A Critical Analysis of Donna Haraway’s “A Cyborg Manifesto: Science, Technology, and Socialist-Feminism in the Late Twentieth Century”

In the essay “A Cyborg Manifesto: Science, Technology, and Socialist-Feminism in the Late Twentieth Century” Donna J. Harraway primarily focuses on devising a metaphorical political platform that will contain all the fundamental contradictions, without being resolved, of the modern feminism and feminist identity. She uses the metaphor of ‘Cyborg’ to expose and explicate the self-contradictory bottom line of modern feminist theory and identity. She explains that rudimentary contradictions of feminism in the postmodern era should remain conjoined with each other, instead of being resolved, in the fashion a Cyborg contains the fusions of mechanisms and organisms.

Indeed Harraway manipulates the concept of a ‘cyborg’ as well as a cyborg identity in order to deconstruct pre-colonial as well as colonial fashion of constructing gender and other social institution. Also by deconstructing the polar differences between control and lack of control over the body in Foucault’s biopolitics, between subject and object, between reality and perception, and, between natural/biological gender and cultural/stylized gender, she vindicates that postmodern feminist discourses require to develop an unprecedented gender identity that will be both subjective and objective, containing all the apparent ironies of the postmodern feminist identity.

Haraway’s use of the ‘cyborg’ metaphor enables her to conjure up a postmodernist feminist identity that necessarily ushers in an epistemological arena that appears to self-evident and exists on its own in the postmodern era. She says, “The cyborg is a kind of disassembled and reassembled, postmodern collective and personal self. This is the self feminists must code” (Harraway 163). Indeed Harraway puts a significant effort on making the cyborg identity of feminism free of the dependency on any ideological allusion for its legibility. According to her, gender, as well as feminism, is more of a social construct, continually being stylized and cultured, than a natural and objective one. Like the postmodern invention, Cyborg, the postmodern feminist theory and identity is also the postmodern social construct that is to be styled in the fashion, a Cyborg itself is stylized. Harraway believes that the Cyborg’s presence in modern political and scientific discourses has initiated a completely unprecedented perception of social relations and gendered existence, as she says, “The new technologies affect the social relations of both sexuality and of reproduction, and not always in the same ways” (Harraway 168). Like cyborg culture, according to Harraway, post-modern feminism must create a gender-neutral culture and social constructs that will necessarily stylized cyborg identity.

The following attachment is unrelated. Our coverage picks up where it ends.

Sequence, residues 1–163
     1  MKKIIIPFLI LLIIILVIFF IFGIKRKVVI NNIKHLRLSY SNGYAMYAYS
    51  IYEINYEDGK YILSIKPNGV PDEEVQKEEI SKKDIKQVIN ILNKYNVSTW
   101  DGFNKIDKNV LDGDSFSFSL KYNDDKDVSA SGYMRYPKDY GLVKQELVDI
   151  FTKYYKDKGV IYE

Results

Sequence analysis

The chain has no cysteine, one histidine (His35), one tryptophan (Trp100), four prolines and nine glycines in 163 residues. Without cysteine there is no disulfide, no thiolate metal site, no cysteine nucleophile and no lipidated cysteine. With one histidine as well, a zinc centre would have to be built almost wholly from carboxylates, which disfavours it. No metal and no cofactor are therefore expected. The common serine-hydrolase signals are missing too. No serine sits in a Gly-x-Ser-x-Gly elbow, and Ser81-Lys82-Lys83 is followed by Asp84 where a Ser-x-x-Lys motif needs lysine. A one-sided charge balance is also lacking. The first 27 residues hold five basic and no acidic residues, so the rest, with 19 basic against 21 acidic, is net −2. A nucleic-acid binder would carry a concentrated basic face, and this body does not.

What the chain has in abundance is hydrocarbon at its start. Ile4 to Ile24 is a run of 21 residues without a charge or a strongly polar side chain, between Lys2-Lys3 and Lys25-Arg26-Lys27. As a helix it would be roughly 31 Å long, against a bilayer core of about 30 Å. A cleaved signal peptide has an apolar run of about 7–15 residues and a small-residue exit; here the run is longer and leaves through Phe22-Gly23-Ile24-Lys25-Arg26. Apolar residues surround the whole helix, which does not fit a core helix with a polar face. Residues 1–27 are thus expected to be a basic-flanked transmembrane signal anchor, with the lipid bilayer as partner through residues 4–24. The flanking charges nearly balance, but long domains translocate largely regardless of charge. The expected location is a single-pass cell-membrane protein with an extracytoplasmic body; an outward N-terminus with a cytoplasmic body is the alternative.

Like the creation of a cyborg, Harraway’s cyborg feminism does not necessarily include the Freudian pattern or Foucault’s biopolitical way of identity development. Rather like a cyborg, Harraway’s feminist identity is devoid of the hereditary legacy of the capitalist patriarchy and parental history. Harraway is also a potential feminist critique of capitalism, as it is evident in the following lines: “Gender, race, or class consciousness is an achievement forced on us by the terrible historical experience of the contradictory social realities of patriarchy, colonialism, and capitalism” (Harraway 155).

Since Harraway believes that traditional feminist discourses often appear to be biological gender-based discussion, her cyborg feminist identity develops its main-body on the basis of women’s existence in the postmodern era. Unlike Foucault’s biopolitics of keeping the body at the heart of an individual’s sexual and sociopolitical identity, Harraway’s cyborg identity defies to acknowledge the biological existence of the female body, as she says, “There is nothing about being female that naturally binds women. There is not even such a state as being female, itself a highly complex category constructed in contested sexual scientific discourses and other social practices” (Harraway 155). But the irony of Cyborg’s feminist identity, which Harraway herself is aware of, is that this identity evolves from the bodily difference from other existence.

 

Works Cited
Haraway, Donna. “A Cyborg Manifesto: Science, Technology, and Socialist-Feminism in the Late Twentieth Century,” Simians, Cyborgs, and Women. New York: P. Lang, 2003

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